Living Cities and Ewing Marion Kauffman Foundation Launch $100 Million Fund

Gaby M. Rojas

Living Cities, in partnership with the Ewing Marion Kauffman Foundation, launched its $100 million Catalyst Fund III, an investment vehicle to confront and address underinvestment in BIPOC (Black, Indigenous, People of Color) communities.

The Kauffman Foundation committed to a $10 million anchor investment in the fund, which was announced at the annual Milken Institute Global Conference during a panel discussion on capital access. This investment follows Kauffman’s $1.67 million seed grant to Living Cities to better understand the root cause of the country’s racial disparities in income and wealth.

The fund will leverage a “Fund of Funds” approach to support the ecosystem for high-growth entrepreneurs and business owners of color, recognizing that business ownership is a proven pathway to closing the racial wealth gap.

“Entrepreneurship is fundamentally different for those who have access to capital,” said Philip Gaskin, Vice President, Entrepreneurship, at the Kauffman Foundation. “To increase capital access for Black and brown entrepreneurs, we need to ensure that capital decision-makers are knowledgeable about the history and root causes of the country’s racial wealth gaps. We must explore new ways of investing in fund managers of color.”

The fund seeks to increase investment in BIPOC communities by:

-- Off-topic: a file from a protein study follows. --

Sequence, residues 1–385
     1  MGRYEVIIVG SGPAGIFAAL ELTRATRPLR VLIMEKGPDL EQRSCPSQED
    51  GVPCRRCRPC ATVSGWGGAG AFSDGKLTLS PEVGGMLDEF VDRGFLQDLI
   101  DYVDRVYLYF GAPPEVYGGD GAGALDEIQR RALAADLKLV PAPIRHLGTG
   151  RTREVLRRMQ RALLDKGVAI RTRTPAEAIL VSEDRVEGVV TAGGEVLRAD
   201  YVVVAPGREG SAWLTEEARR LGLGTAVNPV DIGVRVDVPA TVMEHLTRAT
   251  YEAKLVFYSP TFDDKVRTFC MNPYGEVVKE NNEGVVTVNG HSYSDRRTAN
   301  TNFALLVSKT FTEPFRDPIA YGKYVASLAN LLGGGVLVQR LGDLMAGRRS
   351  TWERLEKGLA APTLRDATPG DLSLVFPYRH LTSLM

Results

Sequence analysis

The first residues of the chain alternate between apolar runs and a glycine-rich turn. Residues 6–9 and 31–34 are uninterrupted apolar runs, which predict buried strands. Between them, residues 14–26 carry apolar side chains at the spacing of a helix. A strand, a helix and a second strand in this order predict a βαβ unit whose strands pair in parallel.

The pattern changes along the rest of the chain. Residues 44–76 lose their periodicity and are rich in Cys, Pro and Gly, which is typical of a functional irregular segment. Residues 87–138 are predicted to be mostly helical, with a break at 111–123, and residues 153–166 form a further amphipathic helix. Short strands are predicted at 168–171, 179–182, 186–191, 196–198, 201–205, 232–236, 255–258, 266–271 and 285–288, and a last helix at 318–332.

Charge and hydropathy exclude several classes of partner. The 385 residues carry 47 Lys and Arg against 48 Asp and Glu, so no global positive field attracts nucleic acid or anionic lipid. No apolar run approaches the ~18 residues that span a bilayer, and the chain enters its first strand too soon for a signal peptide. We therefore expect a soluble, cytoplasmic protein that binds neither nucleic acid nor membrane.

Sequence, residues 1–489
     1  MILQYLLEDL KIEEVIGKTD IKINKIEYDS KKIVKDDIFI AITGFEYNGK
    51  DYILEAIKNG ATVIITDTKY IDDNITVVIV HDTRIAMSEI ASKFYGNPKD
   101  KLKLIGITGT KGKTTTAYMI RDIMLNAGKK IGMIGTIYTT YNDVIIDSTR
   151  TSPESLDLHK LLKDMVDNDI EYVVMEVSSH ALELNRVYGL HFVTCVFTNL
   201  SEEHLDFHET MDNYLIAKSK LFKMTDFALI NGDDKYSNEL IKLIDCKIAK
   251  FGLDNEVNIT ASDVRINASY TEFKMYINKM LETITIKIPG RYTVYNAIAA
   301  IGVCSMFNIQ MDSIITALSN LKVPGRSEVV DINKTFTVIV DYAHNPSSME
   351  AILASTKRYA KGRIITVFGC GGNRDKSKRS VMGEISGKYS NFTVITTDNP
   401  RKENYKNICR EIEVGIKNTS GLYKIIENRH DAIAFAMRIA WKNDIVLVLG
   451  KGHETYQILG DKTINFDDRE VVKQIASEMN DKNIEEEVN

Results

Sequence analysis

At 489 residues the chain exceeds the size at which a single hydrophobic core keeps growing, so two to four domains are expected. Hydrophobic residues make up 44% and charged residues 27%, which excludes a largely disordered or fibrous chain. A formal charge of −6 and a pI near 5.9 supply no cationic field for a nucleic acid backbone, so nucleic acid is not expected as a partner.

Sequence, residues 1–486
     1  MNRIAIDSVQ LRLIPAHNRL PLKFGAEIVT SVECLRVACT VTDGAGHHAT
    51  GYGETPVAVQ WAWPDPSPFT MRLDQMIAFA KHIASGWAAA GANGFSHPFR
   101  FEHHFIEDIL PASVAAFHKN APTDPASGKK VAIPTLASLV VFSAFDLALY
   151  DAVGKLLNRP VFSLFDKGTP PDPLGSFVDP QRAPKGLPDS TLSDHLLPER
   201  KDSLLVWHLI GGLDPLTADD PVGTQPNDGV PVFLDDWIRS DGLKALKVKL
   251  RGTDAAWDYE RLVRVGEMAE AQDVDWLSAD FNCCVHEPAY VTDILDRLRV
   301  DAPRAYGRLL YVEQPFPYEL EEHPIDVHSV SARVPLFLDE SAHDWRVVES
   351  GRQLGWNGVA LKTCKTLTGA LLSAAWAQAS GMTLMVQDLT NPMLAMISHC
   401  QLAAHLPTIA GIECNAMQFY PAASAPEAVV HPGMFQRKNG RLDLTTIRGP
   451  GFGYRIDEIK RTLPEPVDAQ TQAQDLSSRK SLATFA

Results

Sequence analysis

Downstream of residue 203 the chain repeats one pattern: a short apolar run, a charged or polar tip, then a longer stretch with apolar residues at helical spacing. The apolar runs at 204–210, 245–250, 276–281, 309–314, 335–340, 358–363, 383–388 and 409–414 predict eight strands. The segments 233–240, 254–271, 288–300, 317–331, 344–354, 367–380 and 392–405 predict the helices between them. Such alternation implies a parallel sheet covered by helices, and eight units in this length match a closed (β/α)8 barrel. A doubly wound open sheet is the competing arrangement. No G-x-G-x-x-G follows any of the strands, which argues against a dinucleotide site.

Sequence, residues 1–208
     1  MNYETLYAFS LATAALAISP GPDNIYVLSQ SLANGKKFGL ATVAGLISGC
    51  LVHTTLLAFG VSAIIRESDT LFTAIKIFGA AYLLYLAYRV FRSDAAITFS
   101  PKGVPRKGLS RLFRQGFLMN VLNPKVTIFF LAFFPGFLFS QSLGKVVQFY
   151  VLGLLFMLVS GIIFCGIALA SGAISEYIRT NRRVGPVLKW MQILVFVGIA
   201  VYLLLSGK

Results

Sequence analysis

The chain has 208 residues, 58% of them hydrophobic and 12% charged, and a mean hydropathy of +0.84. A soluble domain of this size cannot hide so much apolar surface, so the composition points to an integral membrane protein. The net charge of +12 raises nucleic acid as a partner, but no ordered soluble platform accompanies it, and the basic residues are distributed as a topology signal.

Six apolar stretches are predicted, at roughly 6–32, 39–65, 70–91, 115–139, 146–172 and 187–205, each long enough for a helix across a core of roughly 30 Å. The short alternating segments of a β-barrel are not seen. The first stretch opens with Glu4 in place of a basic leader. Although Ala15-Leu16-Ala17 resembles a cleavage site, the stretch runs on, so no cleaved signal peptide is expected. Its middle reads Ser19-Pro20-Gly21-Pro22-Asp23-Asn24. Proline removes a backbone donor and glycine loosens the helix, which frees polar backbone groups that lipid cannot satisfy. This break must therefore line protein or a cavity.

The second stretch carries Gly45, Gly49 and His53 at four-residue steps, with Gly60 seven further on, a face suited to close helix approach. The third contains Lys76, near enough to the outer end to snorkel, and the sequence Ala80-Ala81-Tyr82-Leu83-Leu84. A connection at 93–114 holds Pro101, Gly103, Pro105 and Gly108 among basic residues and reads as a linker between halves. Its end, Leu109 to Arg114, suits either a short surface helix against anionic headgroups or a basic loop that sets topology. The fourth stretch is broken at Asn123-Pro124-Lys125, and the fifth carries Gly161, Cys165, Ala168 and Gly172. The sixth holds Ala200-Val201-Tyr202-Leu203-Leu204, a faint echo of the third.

• providing emerging fund managers of color access to seed capital and technical support;
  • reducing the time it typically takes for fund managers of color to raise initial capital; and
  • enabling the emerging fund managers of color to establish a track record, gain credibility, and be positioned for future rounds of funding.

The Kauffman Foundation’s capital access research reports that 83 percent of entrepreneurs do not access bank loans or venture capital at the time of startup, which disproportionately impacts entrepreneurs from underrepresented communities. Living Cities’ research shows that U.S. entrepreneurs in underrepresented populations face greater challenges with building wealth.

Research also suggests that although total gross receipts at firms owned by people of color are growing faster than white-owned firms, at least 77 percent of venture capital is invested in college-educated white men while just 1 percent of venture-backed founders are Black. These stark racial disparities are deepened by the relatively low percentage of people of color in capital allocation decision making positions.

“The Catalyst Fund III draws on Living Cities’ more than 13 years of impact investing activity in financial intermediaries in both debt and equity capacities,” says Demetric Duckett, Managing Director at Living Cities. “Our approach applies proven strategies working with capital managers focused on BIPOC needs, and we have the investing know-how and operational support to effectively deploy capital to generate strong returns for investors while achieving substantial impact with BIPOC communities.”




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